I'd like to dedicate this blog post to informing our congregation about the vital work of the Board of Ordained Ministry (BOOM) of the Northern Illinois Conference (NIC). This topic is particularly relevant at this present time as the BOOM is currently preparing for its annual interviews of candidates seeking ordination, which is scheduled for March 8th-9th via ZOOM.
Both Deacon Barbara and I serve on the BOOM as board members. It is a great joy for us to serve our Annual Conference in this way! One truly has the sense of participating with the nearly other 50 members of the BOOM in lifting up the next generation of clergy.
The BOOM manages a wide range of responsibilities such as clergy continuing education, the approval of clergy retirements, funding for the education of local pastors, clergy mentoring, and much more... Chief among the BOOM's responsibilities is its yearly recommendation to the Bishop of our Annual Conference of candidates ready for either commissioning or ordination. Candidates who are "commissioned" have completed an approximately 5-7 year process of coming before their local pastor, local church Staff-Parish Relations Committee (SPRC), local Church Conference, respective District Committee on Ordination (DCom), and finally the Board of Ordained Ministry, all of whom must pass the candidate before the candidate is deemed ready to be "commissioned" by the Bishop before the Annual Conference's yearly ordination worship service. Additionally, the candidate must either complete or be actively pursuing varying seminary requirements depending on whether she/he is seeking commissioning as an elder or deacon. Finally, there are written requirements accompanied by a wide range of other requested materials the candidate must provide all throughout the discernment/interview process.
Candidates who are "ordained" have passed their commissioning interview; served in ministry for at least two years in an approved ministry site by the BOOM; participated fully in the BOOM's "Residency Program," which provides commissioned elders and deacons with a wide range of educational opportunities and small group work; graduated from seminary (or soon will); and passed a second interview with the BOOM in which the BOOM interview team examines if the candidate is learning how to integrate-and-apply her/his theology into her/his ministry context. The expectations of the second ordination interview are more stringent than the first commissioning interview as the second interview is truly the "final check" before the candidate is fully ordained and released from the yearly examination of the DCom and BOOM. In total, from the candidate's first conversation with her/his pastor to the final ordination interview, it generally takes a candidate about 7-9 years to be ordained.
The structure of interviews for candidates seeking either commissioning or ordination is quite fascinating. Each candidate is interviewed by a 9-person interview team comprised of mostly clergy with some laity. The interview team is divided into three sub-teams: the "Home Team" manages the overall interview process and is responsible at the end of the interview for addressing with the candidate any topics/questions which weren't covered adequately by the other two sub-teams; the "Theology Team" focuses on the candidate's theological statements as found in the candidate's paper and oral interview; and the "Practice of Ministry Team" examines carefully how the candidate is applying her/his theology within her/his ministry context. Each team has a dedicated amount of time with the candidate. This division of responsibilities among the sub-teams allows each team to prepare more thoroughly for their respective area of focus.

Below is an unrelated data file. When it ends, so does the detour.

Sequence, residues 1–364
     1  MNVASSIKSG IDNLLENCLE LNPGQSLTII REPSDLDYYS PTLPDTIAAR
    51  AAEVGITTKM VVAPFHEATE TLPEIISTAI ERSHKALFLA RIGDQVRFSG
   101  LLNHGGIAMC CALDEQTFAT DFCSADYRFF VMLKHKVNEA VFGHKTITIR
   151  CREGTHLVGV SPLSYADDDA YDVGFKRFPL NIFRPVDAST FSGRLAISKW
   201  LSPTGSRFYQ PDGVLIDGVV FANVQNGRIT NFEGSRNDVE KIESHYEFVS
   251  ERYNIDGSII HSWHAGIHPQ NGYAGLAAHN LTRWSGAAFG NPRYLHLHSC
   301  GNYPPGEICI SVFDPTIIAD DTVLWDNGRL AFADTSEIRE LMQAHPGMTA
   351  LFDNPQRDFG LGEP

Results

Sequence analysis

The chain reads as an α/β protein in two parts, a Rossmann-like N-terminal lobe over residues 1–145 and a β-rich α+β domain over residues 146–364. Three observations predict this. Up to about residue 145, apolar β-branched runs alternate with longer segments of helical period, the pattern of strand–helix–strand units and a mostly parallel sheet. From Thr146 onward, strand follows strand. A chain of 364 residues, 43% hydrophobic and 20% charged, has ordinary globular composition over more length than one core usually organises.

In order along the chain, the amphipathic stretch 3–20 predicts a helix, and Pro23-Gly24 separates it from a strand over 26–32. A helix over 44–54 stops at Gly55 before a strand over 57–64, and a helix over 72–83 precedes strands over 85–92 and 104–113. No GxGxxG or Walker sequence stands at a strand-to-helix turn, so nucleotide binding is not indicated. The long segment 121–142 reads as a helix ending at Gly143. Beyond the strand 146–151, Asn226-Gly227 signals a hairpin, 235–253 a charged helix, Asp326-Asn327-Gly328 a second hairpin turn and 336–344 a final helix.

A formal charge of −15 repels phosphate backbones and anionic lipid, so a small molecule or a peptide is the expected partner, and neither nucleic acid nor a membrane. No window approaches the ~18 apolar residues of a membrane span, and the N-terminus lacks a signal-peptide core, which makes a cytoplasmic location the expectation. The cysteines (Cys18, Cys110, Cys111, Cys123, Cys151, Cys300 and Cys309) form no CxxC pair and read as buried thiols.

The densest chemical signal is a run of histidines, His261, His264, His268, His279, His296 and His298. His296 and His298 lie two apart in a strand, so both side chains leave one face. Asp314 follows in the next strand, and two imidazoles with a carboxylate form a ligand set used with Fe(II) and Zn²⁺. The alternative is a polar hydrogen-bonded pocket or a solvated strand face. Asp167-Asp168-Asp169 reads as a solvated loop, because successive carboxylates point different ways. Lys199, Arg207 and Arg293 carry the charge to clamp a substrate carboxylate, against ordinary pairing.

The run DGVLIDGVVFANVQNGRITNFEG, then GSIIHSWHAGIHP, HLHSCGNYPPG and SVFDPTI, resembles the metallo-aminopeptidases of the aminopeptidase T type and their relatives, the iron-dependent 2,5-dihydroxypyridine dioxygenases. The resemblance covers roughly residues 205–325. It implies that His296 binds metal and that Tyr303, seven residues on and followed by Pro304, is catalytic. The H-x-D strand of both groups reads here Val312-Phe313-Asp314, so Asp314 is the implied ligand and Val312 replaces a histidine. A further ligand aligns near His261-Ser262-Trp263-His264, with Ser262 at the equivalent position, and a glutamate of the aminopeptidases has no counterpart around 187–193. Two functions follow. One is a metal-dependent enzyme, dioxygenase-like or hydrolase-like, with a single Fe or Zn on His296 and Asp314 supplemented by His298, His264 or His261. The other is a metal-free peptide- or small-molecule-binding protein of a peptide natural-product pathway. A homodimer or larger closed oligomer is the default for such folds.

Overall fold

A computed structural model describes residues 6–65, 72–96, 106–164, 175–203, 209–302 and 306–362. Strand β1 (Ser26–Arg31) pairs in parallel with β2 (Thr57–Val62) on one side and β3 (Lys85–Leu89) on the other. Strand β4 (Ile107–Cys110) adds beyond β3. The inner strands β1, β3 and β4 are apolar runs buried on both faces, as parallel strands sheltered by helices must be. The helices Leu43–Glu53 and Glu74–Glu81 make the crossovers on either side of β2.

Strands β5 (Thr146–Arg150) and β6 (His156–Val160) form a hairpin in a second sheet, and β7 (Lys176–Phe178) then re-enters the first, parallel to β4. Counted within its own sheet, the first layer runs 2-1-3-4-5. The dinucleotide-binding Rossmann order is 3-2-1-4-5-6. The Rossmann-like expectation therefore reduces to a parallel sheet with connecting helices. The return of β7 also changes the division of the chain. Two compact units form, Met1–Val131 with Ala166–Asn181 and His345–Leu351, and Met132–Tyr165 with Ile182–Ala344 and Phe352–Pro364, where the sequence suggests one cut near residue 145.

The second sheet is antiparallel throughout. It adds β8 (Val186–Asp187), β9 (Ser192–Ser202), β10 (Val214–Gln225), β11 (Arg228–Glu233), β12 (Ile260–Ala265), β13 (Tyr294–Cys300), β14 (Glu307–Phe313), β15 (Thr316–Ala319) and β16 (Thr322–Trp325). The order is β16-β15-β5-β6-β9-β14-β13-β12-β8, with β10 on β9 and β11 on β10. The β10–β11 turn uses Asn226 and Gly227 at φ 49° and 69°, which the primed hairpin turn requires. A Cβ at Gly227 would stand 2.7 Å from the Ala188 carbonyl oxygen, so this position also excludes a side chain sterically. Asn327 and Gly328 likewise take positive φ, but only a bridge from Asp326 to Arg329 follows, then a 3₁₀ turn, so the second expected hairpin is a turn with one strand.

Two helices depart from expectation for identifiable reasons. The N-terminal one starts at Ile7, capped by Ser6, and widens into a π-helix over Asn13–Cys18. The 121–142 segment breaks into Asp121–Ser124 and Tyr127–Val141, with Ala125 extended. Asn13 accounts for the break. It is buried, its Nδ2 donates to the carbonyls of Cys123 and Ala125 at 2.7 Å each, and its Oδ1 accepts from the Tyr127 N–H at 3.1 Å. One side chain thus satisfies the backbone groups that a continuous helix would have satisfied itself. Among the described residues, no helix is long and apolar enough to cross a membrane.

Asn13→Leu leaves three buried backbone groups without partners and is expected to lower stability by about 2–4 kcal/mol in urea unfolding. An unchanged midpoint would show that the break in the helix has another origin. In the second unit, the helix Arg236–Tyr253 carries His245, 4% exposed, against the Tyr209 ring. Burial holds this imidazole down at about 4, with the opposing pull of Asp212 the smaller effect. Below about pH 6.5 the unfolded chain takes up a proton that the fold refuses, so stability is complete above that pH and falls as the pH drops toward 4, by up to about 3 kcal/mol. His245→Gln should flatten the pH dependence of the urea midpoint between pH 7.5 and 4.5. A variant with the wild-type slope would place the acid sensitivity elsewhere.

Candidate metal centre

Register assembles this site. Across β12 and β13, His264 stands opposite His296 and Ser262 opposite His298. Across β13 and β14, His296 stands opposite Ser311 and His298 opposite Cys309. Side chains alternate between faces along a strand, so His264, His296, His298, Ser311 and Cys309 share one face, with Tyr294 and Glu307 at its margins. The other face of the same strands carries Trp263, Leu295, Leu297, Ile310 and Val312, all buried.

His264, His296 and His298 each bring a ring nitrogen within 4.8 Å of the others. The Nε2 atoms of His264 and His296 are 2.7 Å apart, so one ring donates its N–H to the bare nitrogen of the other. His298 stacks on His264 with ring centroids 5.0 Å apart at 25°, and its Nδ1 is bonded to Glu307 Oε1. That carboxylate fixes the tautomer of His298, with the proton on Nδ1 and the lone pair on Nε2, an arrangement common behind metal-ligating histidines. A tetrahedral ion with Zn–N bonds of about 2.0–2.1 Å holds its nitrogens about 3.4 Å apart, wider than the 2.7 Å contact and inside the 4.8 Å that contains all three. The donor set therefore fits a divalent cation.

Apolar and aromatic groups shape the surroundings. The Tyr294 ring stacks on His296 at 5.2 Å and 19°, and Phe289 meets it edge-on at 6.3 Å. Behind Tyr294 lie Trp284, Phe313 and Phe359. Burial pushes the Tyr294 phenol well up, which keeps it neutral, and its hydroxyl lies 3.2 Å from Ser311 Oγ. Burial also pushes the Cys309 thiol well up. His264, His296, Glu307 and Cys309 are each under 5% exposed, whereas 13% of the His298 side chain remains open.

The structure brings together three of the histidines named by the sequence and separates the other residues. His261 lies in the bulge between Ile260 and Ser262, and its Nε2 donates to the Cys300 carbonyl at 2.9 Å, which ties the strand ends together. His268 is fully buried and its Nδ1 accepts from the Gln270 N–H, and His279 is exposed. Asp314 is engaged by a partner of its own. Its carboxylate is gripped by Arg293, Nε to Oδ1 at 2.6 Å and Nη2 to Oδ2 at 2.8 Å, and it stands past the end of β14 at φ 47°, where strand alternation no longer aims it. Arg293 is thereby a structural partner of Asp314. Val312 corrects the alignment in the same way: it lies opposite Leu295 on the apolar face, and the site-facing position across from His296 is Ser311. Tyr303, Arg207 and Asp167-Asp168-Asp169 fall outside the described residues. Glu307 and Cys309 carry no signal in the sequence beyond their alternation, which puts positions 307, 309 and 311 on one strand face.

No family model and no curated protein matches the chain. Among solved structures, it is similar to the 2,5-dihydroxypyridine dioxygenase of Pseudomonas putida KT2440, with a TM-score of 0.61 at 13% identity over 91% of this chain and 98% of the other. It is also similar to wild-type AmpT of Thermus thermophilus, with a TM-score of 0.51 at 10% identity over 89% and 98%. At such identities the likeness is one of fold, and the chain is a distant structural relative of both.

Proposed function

A key point I wish to convey is how proud I am of the robust credentialing process our denomination upholds. Moreover, this process is utilized all throughout the US in its many annual conferences, each of which maintain their own Board of Ordained Ministry; this means that there is a standardized process for commissioning and ordination across annual conferences.
When our church gives toward its apportionment, part of our funds go toward the budget of the Northern Illinois Conference's BOOM. These apportionment funds are key to making possible the work of the BOOM and its ability to credential candidates. Additionally, the BOOM is a chief example of the power of our United Methodist connectionalism: without the clergy from several churches, funding from apportionments, oversight of the Bishop, and rich tradition of our Methodist faith, the BOOM wouldn't be possible. Through our giving, we are all participating in the Spirit-led, multigenerational process of lifting up the next generation of clergy!
I close by also foregrounding up our church's long tradition of serving as a field education site for seminary students of Garrett Evangelical Theological Seminary. In conjunction with our church's support of our annual conference and its BOOM, our church has made it a focus to invest in both the education and credentialing of the next generation of clergy. Praise be to our Lord for this fruit of ministry produced by our congregation!
Grace & peace,
Scott S. Himel, Senior Pastor